Will it be a facility that serves the community? Will it have a concert-ready
worship center? Does it include a chapel?
What are the educational facilities? These are the types of
questions, among many more, that go into the planning stages. The overall functionality can dictate the type of design,
construction and architecture you will use in building your site.
REK: Are there a few things you’ve seen just go wrong that
church leaders should guard against in planning facilities?
I personally haven’t seen any
“bumps in the night” as such. In retrospect, I think there’s always the
thought that, We should have done this or If we could do it over, we wouldn’t do that. But
once the project is completed, we can’t go back.
Review, re-evaluate and be aware of changes — they’ll add
up and can have a major impact on your budget. Making changes while it’s still
on paper is most cost-effective.
My personal view is that you should be very selective in the
types of activities you get your congregation involved in when it comes to
supplying volunteer labor. Make sure you use those people who are skilled in
what they’re doing, available to assist those who aren’t, and oversee the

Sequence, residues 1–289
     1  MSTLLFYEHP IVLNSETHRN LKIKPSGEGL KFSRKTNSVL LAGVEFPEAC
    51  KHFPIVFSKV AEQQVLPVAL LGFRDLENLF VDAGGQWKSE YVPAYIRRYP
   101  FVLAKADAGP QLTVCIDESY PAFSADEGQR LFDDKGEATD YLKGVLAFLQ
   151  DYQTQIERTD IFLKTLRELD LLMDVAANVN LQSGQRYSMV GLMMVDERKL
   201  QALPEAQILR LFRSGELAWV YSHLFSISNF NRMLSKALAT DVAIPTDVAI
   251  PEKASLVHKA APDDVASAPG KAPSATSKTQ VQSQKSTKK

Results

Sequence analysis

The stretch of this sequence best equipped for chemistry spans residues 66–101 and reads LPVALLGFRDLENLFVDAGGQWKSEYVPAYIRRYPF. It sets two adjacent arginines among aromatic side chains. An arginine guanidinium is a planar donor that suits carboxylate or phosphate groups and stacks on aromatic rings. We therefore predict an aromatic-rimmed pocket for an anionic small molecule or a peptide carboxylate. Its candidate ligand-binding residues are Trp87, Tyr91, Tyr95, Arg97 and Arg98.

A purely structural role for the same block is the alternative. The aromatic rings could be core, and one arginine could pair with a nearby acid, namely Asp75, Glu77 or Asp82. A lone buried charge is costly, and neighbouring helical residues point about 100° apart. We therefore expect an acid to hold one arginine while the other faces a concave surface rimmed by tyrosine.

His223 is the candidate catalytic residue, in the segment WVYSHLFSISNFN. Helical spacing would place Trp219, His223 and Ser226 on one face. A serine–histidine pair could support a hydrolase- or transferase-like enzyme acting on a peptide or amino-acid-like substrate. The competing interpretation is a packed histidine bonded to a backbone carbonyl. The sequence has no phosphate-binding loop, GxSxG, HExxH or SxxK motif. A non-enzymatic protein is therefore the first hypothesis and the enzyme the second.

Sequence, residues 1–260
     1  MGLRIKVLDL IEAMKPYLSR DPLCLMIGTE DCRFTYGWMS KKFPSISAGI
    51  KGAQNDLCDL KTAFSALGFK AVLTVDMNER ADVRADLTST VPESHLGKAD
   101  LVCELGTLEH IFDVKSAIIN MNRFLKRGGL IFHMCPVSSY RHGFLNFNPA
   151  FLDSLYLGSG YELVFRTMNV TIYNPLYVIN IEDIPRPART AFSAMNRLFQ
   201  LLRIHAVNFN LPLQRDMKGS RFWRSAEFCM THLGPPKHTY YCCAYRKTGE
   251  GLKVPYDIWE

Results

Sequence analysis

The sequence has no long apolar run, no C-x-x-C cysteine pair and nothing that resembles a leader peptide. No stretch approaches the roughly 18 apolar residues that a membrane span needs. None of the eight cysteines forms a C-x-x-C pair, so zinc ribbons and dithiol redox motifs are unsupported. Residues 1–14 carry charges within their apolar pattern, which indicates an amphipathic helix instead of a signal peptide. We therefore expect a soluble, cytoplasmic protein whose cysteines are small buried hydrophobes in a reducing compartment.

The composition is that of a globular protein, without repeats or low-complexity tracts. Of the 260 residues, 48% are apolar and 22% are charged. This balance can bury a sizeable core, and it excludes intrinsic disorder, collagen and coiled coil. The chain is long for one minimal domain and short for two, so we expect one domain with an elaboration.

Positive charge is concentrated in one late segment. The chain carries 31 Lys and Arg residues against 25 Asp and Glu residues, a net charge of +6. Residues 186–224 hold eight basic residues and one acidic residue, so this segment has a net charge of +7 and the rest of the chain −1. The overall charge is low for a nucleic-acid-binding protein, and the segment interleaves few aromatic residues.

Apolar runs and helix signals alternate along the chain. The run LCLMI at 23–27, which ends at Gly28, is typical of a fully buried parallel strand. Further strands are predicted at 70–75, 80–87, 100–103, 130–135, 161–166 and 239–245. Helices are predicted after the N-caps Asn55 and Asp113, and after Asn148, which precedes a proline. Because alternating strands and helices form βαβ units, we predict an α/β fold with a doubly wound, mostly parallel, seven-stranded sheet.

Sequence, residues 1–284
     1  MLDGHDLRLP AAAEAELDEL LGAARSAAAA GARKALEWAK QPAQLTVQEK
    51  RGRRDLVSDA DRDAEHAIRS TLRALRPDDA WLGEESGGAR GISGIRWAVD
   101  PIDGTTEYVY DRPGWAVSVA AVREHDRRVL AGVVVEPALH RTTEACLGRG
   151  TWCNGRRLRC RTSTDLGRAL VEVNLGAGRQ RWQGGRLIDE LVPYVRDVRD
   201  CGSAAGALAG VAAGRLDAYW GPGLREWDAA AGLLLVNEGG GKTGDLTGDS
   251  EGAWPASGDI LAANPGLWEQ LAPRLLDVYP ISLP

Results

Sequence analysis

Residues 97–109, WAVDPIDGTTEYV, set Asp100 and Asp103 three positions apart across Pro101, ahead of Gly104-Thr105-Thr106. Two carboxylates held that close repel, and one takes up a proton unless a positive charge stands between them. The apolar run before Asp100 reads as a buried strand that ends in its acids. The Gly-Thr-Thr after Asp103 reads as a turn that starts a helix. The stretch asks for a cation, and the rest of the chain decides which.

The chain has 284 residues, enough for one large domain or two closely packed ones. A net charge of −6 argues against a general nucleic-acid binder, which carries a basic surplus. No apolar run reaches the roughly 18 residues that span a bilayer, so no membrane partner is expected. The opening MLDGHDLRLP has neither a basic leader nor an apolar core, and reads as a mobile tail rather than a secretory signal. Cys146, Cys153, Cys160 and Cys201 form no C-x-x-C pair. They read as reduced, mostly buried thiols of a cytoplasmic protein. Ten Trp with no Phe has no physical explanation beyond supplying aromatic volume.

You can learn a lot from your own project experience, but you
can also learn from other churches’ building projects by talking with
[leaders] about what they did right and what just didn’t work.
Never assume you know everything about building the church
facility. Use your resources — surround yourself with individuals who have
vision, are creative and aren’t afraid to think out of the box, even those in
your congregation who are in the professional trades. If you’re using church
members as subcontractors, qualify them just as you would any outside
contractors. They can offer insight, ideas and even additional resources when it
comes to making some key decisions about your facility.
REK: How do you get the congregation’s best input regarding
The key is to listen. In my
professional career, when we plan for new real estate, we sit down and talk to
the business-management teams and ask them what type of space they need to run
their business, how much space they need, and what specialty space is needed for
labs, demo rooms, et cetera. Everything is negotiated since you can’t
do “everything,” but in going through those discussions, you filter down to
what the true need really is.
For the church and the congregation, one approach I’ve seen
that has been effective is using the town hall-type meeting that’s interactive
and will allow your congregation to get involved. Have a structured agenda of
what you want to accomplish, and give them a venue to discuss their issues and
concerns. Allow them to ask questions and be honest with them. If you don’t
know the answer, say so. This gives them an opportunity to be heard and to feel
like they’re a part of the decisions about where the church is going and what
it’s growing to become.
REK: How do you achieve “taste” and good design in a new